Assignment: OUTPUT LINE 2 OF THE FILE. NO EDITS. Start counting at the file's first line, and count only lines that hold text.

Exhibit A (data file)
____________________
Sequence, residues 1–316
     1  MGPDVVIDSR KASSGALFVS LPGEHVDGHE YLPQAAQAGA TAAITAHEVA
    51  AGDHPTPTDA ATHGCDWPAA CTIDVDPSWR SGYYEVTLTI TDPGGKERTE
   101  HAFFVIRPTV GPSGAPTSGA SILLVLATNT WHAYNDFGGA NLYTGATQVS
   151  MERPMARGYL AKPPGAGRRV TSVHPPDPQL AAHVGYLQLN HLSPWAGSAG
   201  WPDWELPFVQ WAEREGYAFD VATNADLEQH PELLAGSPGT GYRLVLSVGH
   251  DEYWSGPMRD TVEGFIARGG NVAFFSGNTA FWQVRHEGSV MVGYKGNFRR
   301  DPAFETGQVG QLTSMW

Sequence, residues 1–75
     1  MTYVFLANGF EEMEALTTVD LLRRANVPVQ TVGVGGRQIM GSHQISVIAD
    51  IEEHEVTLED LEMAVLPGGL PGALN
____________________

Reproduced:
     1  MGPDVVIDSR KASSGALFVS LPGEHVDGHE YLPQAAQAGA TAAITAHEVA